In the 1800s, rumors grew of a magnificent place in the Wyoming Territory with stunning scenery and vast fields of boiling sulphur springs. By 1872, explorers had confirmed the reports, and President Ulysses S. Grant established Yellowstone as the world’s first national park. Later, in August 1916, President Woodrow Wilson created the National Park Service.
To celebrate its 100th anniversary throughout 2016, the NPS is encouraging people to get outdoors in the national parks across the country. Alabama may not have any national parks to its name, but the NPS manages a couple of great outdoor destination across the state, including Little River Canyon and Russell Cave. But Alabama is also blessed with state parks that offer a diverse range of natural escapes, from the mountains to the sea.
Here, the best state parks in Alabama, as well as other wilderness areas around the state well worth a visit in 2016 (or anytime).
Little River Canyon National Preserve
Over the course of 10 miles, Class III to Class V whitewater crashes though this sandstone canyon, making it a great destination for experienced paddlers. Those who prefer to hike can follow trails into the canyon and skirt the banks of Little River to find swimming holes, waterfalls and big boulders for lounging in the sun.
In the Canyon Preserve you can also access the DeSoto Scout Trail, a 16-mile path that follows the West Fork of Little River. As you travel this rocky trail, you’ll cover diverse terrain with waterfalls, ridges, valleys, rocky plains, and stretches of sand.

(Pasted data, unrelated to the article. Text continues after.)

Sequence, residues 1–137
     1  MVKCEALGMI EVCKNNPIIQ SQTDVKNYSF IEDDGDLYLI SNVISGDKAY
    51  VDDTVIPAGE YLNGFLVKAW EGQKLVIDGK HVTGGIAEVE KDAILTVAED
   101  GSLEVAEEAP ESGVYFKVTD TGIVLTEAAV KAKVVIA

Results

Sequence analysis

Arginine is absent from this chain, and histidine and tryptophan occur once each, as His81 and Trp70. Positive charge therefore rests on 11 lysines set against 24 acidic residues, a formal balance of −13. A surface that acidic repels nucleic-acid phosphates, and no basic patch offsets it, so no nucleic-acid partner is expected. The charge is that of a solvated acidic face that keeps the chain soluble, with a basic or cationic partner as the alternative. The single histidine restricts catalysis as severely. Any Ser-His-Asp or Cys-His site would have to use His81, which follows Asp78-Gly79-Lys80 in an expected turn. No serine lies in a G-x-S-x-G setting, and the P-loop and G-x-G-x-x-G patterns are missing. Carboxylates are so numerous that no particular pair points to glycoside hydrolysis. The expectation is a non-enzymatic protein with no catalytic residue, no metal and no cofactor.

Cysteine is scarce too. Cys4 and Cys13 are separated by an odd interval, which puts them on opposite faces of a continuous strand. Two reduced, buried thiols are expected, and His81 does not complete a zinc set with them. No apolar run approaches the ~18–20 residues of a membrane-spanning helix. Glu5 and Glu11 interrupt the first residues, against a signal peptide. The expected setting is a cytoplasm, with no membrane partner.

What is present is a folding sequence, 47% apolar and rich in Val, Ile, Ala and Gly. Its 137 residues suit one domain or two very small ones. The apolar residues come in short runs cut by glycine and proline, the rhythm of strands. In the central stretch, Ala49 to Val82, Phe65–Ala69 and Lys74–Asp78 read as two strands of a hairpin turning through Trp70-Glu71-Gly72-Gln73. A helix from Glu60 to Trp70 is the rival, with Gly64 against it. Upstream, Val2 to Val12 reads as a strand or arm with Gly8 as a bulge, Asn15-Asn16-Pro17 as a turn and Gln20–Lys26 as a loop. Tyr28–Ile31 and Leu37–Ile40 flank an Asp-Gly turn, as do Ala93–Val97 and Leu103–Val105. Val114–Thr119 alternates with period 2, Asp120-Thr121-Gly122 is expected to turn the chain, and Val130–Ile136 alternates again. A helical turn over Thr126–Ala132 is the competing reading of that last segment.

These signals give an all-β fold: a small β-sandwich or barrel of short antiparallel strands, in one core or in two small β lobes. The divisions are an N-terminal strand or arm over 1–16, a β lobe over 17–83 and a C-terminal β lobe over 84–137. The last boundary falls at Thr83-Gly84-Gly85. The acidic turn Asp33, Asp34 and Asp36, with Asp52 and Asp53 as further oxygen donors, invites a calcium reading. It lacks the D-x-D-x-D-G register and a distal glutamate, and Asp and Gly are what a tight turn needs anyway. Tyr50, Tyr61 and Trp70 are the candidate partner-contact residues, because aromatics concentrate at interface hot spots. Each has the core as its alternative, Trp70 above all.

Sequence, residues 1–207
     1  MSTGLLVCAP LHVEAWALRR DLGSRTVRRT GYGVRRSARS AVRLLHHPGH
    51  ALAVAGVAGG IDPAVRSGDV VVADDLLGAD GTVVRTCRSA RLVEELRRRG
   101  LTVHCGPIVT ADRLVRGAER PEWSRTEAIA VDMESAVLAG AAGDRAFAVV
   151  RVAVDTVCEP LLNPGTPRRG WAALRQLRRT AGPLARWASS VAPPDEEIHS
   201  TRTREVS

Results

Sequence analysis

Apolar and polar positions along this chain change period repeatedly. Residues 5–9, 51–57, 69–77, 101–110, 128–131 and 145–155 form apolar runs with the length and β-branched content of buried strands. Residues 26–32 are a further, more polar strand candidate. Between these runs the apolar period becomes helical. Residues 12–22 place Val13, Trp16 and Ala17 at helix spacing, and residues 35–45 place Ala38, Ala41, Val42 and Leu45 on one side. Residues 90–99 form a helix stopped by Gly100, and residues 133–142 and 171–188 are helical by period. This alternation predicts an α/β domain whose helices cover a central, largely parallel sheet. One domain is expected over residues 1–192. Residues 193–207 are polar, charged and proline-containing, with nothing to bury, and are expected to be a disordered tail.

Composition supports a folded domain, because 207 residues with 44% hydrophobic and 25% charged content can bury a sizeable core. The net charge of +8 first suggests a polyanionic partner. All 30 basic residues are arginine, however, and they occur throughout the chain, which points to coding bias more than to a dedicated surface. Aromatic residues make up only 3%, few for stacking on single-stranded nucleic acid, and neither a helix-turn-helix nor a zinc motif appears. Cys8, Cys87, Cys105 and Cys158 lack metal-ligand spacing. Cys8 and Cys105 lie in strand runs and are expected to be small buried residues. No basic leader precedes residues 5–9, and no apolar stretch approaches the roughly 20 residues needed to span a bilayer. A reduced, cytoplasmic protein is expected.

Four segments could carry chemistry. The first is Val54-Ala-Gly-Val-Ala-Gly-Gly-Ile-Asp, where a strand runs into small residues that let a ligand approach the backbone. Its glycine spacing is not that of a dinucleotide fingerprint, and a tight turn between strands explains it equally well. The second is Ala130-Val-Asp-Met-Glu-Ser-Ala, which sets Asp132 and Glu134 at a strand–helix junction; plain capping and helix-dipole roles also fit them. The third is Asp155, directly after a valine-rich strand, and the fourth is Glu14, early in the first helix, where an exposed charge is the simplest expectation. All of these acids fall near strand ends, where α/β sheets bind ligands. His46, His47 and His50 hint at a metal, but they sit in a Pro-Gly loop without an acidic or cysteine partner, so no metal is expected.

Russell Cave National Monument
For more than 10,000 years, prehistoric people inhabited Russell Cave , located near Bridgeport, Alabama. In 1961, it was established as a National Monument and now serves an important archaeological site and popular destination for travelers. While visitors aren’t allowed to explore deep into the cave, they can tour the exceptionally large cave entrance, known as the “cave shelter,” which was the site of one of the earliest human settlements in the Southeast.
If you want to get a taste of prehistoric life, you can watch interpretive rangers demonstrate the art of throwing a spear with an ancient tool called an atlatl. To round out your visit, visit the cave museum and hike the 1.2-mile Backcountry Trail, where you’ll find wildflowers blooming in spring.
Cheaha State Park
In Cheaha State Park , you’ll find some of the most spectacular views in Alabama, and you can access miles and miles of hiking trails that traverse immense forested areas. From the park’s Cheaha Trailhead you can reach the Pinhoti Trail, a 335-mile path that passes through Alabama and north Georgia to connect to the Appalachian Trail. Another option is to begin at the Cheaha Trailhead and hike a little more than three miles to McDill Point, a west-facing outcrop where you can relax in a hammock and enjoy sunset.
Cheaha State Park is also the jumping off point for the Odum Scout Hiking Trail, which stretches 7.5 miles along the eastern slopes of Talladega Mountain in the Cheaha Wilderness Area.